His resignation took away a talking point for the GOP against Democrats, who had been struggling with ethics scandals involving Treasurer Martha Shoffner and state Sen. Paul Bookout, D-Jonesboro. Shoffner was convicted in March on six counts of extortion under color of official right, one count of attempted extortion under color of official right and seven counts of receipt of a bribe by an agent of a state government receiving federal funds. In November, federal prosecutors dropped mail fraud charges against Shoffner claiming a conviction would not greatly extend her sentencing from the previous charges.

Four of five ballot issues were passed by Arkansas voters on Election Day 2014. The measures instituted legislative oversight of the executive branch, raising the minimum wage, new ethics rules and an extension of term limits. A proposal to expand alcohol sales failed.

Issue No. 1 allows the state Legislature to review and approve regulations submitted by executive agencies. It cleared voter approval handily by a 60-40% margin.

Issue No. 2, which altered how ballot signatures are reviewed by the secretary of state’s office, passed 53-47%.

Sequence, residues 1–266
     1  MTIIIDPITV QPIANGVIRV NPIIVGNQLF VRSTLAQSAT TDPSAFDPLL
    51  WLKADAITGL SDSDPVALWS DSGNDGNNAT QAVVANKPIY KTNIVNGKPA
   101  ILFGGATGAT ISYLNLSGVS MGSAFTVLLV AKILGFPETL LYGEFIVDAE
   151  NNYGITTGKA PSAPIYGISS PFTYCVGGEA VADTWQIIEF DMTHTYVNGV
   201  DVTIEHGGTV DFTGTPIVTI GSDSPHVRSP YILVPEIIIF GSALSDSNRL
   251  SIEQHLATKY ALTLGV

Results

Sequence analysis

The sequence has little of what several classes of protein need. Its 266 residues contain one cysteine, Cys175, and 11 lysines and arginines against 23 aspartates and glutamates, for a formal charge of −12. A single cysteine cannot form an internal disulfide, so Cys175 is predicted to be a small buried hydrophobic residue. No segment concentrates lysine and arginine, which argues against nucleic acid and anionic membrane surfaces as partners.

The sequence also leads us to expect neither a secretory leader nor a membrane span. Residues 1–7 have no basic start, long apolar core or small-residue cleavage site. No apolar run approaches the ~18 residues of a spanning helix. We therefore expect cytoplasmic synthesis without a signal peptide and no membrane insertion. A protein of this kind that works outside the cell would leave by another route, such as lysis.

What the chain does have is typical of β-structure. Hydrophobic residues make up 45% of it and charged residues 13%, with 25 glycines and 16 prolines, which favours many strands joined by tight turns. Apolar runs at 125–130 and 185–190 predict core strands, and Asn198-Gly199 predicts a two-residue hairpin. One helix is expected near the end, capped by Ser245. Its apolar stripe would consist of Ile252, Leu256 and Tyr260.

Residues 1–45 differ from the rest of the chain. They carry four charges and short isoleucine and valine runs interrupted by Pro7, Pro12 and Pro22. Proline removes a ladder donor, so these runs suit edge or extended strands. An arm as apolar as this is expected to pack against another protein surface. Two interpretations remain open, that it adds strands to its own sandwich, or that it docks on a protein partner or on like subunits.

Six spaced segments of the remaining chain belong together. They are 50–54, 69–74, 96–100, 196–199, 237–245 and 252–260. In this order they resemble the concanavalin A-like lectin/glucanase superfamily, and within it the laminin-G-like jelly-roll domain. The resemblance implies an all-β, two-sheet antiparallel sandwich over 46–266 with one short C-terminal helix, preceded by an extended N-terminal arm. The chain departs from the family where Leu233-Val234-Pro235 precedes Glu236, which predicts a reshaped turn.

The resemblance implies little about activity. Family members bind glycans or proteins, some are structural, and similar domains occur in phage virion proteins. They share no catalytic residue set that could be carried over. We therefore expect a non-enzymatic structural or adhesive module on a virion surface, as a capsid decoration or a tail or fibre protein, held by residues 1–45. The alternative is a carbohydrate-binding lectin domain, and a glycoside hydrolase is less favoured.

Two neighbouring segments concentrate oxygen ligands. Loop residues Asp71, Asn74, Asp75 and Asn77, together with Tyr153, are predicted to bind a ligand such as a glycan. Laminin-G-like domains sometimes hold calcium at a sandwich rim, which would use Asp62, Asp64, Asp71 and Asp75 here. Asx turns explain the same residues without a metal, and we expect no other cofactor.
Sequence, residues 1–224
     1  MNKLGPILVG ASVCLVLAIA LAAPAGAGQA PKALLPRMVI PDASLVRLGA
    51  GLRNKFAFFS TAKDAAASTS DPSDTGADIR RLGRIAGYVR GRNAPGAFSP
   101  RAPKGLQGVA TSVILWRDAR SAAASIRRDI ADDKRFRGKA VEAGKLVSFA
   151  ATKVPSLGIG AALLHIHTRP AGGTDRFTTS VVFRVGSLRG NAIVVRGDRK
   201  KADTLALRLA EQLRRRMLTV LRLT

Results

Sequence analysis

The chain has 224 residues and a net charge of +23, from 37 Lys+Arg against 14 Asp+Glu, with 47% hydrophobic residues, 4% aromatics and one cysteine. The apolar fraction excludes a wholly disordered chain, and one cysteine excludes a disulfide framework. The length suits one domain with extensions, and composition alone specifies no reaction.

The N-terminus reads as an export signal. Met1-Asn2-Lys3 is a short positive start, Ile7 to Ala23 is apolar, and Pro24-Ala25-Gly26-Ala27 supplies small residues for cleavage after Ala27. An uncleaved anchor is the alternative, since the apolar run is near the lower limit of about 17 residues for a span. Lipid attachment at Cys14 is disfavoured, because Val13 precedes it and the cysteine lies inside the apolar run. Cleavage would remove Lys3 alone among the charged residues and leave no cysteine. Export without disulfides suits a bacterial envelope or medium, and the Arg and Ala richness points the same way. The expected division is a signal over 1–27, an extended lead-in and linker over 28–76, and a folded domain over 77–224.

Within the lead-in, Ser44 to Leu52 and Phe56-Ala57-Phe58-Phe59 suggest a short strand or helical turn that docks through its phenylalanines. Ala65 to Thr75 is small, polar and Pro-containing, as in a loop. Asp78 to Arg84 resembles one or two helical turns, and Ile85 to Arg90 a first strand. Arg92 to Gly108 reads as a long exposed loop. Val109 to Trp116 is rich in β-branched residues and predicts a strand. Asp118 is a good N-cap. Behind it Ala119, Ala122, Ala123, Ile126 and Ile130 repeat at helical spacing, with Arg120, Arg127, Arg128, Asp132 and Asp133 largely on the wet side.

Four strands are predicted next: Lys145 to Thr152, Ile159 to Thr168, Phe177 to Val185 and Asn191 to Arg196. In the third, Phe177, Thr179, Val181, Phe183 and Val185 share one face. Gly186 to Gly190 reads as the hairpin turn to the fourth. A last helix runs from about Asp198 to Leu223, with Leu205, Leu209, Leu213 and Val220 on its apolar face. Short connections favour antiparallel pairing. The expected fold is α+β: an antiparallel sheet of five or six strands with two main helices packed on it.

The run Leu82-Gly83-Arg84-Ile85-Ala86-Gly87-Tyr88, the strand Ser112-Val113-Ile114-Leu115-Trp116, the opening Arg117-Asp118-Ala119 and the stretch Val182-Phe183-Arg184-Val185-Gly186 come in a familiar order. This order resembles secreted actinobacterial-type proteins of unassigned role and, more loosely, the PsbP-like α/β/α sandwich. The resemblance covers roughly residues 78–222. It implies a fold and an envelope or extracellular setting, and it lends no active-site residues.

Issue No. 3 changed a variety of ethics rules for state officeholders and also extended term limits to 16 years in either legislative chamber. It passed 52-48%. One provision of the measure’s passage would prohibit corporate contributions to candidates for office.

Issue No. 4, which would have expanded alcohol sales to all 75 counties, failed by a 57-43% margin.

Issue No. 5, which raises the minimum wage to $8.50 per hour by 2017, passed 66-34%.

The politics of the private option has been ongoing since its inception in 2013 and it promises to continue to be a political battle in 2015.

The GOP-crafted, bipartisan-supported legislation created a health-insurance exchange that allows federal Medicaid expansion funding from the Affordable Care Act to be used to supplement private health insurance for lower-income workers.

In 2014, the private option survived its first test for funding in the fiscal session. With three-fourths votes needed by both chambers of the Arkansas legislature, the PO barely cleared the hurdle and only after intense negotiations and multiple tries.

GOP gubernatorial candidate Asa Hutchinson described the PO as a “pilot program” during his campaign. Since his victory in November, he’s said he is studying the private option.

Two days after his win, Hutchinson said he would work with leaders in the Legislature and in state government to look at benefits and costs and to determine if the program should be continued and, if so, what changes should be made. He said he would not commit to a decision “at least through the end of January.”